Wednesday, April 11, 2012

"Bloodlines" and "Goodnight, Irene" by Jan Burke

As I mentioned earlier, reading A Study in Sherlock inspired me to try out some new mystery authors.  I started with Jan Burke.  Our local library has several of her books, but not the first one in her series about Irene Kelly, so I just grabbed the one with the most interesting title.  It was Bloodlines.

Bloodlines is the sort of sprawling, nuanced, intricately rambling treat I don't usually find when I read mysteries.  By the time I was fifty pages into it, I was firm friends with the two main characters of the first section, young Connor O'Connor and his mentor, newspaperman Jack Corrigan.  I need to blog about how important it is for me to become friends with characters sometime, but for now I'll just assure you that it's important.  And the faster I make friends, the better I generally like the book.  I love this book.  It takes place over five different decades, and about halfway through I realized it was kind of tying together several events in other books in the series.  Characters I grew to love would abruptly die off-page.  I grew to love other characters in their places.  The giant, seemingly rambly narrative came into focus, then charged ahead full-steam suddenly, then tied up in a most satisfactory -- but deliciously unexpected -- way.  Complete love!

It concerned a bunch of characters who died and disappeared in the 1950s in a way that made me think of Frank Miller's Sin City graphic novels.  Also, there's a kidnapping.  And then nothing whatsoever happens with the case for decades, until someone unexpectedly unearths some new clues....  By the end, I was a confirmed Jan Burke fan and hungry for more.

So I got Goodnight, Irene, the first book in this series.  And it was quite good too, with a lovely love story and a complicated plot.  I didn't love it as much as Bloodlines, but that's okay, because it was a much earlier novel, and now I know that they improve as they go along, rather than unimproving or staying the same.  In this one, Irene Kelly's best friend gets blown up, and she helps solve the murder while doing some nice journalistic work as well.  Did I mention Irene Kelly is a newspaper reporter too?  Anyway, a perfectly good mystery, if not as delightful as Bloodlines.  Can't wait to read more!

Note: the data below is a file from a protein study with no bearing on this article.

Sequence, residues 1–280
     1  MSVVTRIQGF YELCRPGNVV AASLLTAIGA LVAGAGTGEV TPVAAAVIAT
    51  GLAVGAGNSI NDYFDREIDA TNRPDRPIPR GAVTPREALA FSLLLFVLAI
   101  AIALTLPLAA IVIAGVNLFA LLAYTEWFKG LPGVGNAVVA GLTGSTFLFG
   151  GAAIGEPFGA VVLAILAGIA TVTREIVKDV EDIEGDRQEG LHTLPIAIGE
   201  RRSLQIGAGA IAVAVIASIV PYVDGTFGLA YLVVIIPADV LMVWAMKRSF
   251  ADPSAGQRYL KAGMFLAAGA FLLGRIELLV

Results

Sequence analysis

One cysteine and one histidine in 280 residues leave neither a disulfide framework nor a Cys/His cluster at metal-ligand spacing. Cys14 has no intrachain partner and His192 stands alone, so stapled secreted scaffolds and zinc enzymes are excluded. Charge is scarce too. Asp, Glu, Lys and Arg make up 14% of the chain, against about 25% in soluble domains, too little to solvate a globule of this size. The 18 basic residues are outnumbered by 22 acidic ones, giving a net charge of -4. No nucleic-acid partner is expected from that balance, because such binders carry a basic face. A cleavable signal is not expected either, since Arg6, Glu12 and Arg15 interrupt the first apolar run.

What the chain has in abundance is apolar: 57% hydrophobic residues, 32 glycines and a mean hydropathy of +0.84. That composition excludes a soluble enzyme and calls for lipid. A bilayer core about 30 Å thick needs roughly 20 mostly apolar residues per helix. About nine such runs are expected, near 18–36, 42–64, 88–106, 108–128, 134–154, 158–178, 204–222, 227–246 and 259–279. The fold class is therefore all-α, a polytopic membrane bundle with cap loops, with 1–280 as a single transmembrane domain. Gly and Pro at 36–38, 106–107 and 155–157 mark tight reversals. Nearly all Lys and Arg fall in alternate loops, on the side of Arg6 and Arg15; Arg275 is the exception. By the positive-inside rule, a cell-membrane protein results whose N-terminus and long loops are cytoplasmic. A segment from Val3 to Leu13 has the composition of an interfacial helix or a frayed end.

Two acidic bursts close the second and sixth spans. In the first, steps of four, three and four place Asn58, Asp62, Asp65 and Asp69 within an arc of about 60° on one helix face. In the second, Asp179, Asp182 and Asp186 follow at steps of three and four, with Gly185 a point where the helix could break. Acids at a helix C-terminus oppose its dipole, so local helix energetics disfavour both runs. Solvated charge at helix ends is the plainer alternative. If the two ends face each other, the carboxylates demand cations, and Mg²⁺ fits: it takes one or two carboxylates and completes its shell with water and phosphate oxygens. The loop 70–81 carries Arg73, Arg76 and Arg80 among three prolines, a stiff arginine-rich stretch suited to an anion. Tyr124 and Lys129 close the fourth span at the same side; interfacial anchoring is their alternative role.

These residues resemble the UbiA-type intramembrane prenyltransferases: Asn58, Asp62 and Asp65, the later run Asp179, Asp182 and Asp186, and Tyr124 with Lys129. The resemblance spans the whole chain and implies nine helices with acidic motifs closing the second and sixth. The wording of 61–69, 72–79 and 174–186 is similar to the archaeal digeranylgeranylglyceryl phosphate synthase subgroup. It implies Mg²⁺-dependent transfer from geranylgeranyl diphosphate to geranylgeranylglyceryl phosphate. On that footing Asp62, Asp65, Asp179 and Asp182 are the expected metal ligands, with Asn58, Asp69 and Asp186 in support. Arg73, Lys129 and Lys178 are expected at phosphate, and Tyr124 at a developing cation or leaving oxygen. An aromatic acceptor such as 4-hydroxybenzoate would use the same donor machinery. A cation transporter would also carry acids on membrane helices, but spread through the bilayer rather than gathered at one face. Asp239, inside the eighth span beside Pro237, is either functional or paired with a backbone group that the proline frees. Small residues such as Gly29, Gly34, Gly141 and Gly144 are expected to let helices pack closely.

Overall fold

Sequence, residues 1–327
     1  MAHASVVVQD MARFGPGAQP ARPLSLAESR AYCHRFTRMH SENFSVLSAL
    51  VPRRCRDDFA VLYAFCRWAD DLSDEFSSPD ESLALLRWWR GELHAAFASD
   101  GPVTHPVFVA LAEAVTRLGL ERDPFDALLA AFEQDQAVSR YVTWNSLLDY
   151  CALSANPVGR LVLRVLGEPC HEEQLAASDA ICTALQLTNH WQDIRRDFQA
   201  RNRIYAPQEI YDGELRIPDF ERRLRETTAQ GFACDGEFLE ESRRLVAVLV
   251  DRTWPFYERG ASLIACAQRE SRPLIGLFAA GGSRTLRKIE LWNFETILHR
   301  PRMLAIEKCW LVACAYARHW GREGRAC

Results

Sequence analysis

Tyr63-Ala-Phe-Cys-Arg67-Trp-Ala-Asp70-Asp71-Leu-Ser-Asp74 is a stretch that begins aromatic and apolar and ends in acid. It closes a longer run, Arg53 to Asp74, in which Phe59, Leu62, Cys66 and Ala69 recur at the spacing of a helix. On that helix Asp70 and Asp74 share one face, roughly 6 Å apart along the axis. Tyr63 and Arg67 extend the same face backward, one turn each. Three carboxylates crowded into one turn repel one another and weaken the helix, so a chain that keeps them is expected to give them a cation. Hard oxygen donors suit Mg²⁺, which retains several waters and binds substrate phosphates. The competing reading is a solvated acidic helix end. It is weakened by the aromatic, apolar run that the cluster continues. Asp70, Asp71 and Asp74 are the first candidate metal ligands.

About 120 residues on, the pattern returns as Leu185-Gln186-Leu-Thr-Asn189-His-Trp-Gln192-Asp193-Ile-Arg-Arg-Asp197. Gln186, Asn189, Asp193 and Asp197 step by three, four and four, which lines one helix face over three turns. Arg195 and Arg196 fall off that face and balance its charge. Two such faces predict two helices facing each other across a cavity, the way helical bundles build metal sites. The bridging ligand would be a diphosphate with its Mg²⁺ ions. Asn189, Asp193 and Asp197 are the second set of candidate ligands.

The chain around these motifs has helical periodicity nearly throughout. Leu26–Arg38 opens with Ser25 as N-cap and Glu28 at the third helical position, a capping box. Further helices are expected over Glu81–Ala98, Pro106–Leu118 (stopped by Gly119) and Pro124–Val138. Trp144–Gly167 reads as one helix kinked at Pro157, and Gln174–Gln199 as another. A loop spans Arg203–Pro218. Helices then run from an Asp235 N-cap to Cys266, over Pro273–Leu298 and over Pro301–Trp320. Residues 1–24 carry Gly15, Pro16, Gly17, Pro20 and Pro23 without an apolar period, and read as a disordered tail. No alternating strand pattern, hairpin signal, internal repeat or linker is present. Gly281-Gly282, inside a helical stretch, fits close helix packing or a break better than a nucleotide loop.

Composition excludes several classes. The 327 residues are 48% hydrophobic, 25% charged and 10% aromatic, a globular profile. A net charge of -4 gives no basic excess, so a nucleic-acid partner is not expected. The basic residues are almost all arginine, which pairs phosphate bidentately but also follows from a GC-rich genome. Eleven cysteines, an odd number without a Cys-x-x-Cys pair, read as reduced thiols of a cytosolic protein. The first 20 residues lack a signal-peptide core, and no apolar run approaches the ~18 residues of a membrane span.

Monday, April 02, 2012

"A Study in Sherlock" ed. by Laurie R. King and Leslie Klinger

I got this book for Christmas and read it over the course of a couple weeks, limiting myself to a story every day or two to make it last longer.  I'm choosing it as the subject of my first review here because, although I finished reading it almost three months ago, it's directly informed my reading selections since then, which I'll be blogging about too, so I figured starting with the source would be a good idea.

I've been a fan of Sherlock Holmes since I was ten or eleven, when I found a giant, hardcover copy of The Hound of the Baskervilles at the library and devoured it over the weekend.  I can still remember the illustration on its cover, a giant black dog rushing toward the viewer, indistinct people in the background giving chase.  I've been a fan of Laurie R. King and her Sherlock Holmes/Mary Russell mysteries since around 2005, when I first read her brilliant The Beekeeper's Apprentice.  I had the pleasure of attending a reading she did in Connecticut a few years ago, even getting to meet her and ask her to sign a couple books.  So when I learned about this new book from her Facebook page, I was eager to read it.  And I haven't been disappointed!  All the stories were enjoyable, but I liked five of them particularly well, and these are they:

"The Men with the Twisted Lips" by S. J. Rozan.  This story has a collection of Oriental black market businessmen colluding to arrange for Sherlock Holmes to have all the clues he needs to solve the mystery told in the canonical story "The Man with the Twisted Lip."  It's full of vivid details and clever arrangements of little plot details to make the whole story work with the original.

"The Case of Death and Honey" by Neil Gaiman.  This one's a bit dark and very literary. by which I mean it's not particularly a mystery, but more of a character study.  Holmes pops up in a remote Chinese mountain range to practice some highly unusual beekeeping, with startling results.

"The Adventure of the Concert Pianist" by Margaret Maron.  This story follows Dr. Watson as he returns to Baker Street during the period after the Reichenbach Falls incident, when everyone assumes Holmes is dead. Watson helps their erstwhile housekeeper, Mrs. Hudson, solve a mystery concerning one of her relatives.  The very end makes me grin and say, "Awwww!" when I think of it.

"The Imitator" by Jan Burke.  This one has a bunch of post-WWI eccentrics using Holmes' methods to solve a kidnapping.  Lots of fun!

"The Startling Events in the Electrified City" by Thomas Perry.  Totally my favorite story in this book.  It posits that the assassination of President McKinley was in fact a most elaborate hoax concocted by the President himself and carried out with the help of Holmes and Watson.  I loved this story and have read it twice.  In my occasionally humble opinion, this story is worth the price of the whole book all by itself.

Reading this collection has inspired me to try out some new authors, and I'll be reviewing things by them soon, as I've read 4 or 5 books since this one, a couple of them by authors I've mentioned here.  And I'm on the hunt for more!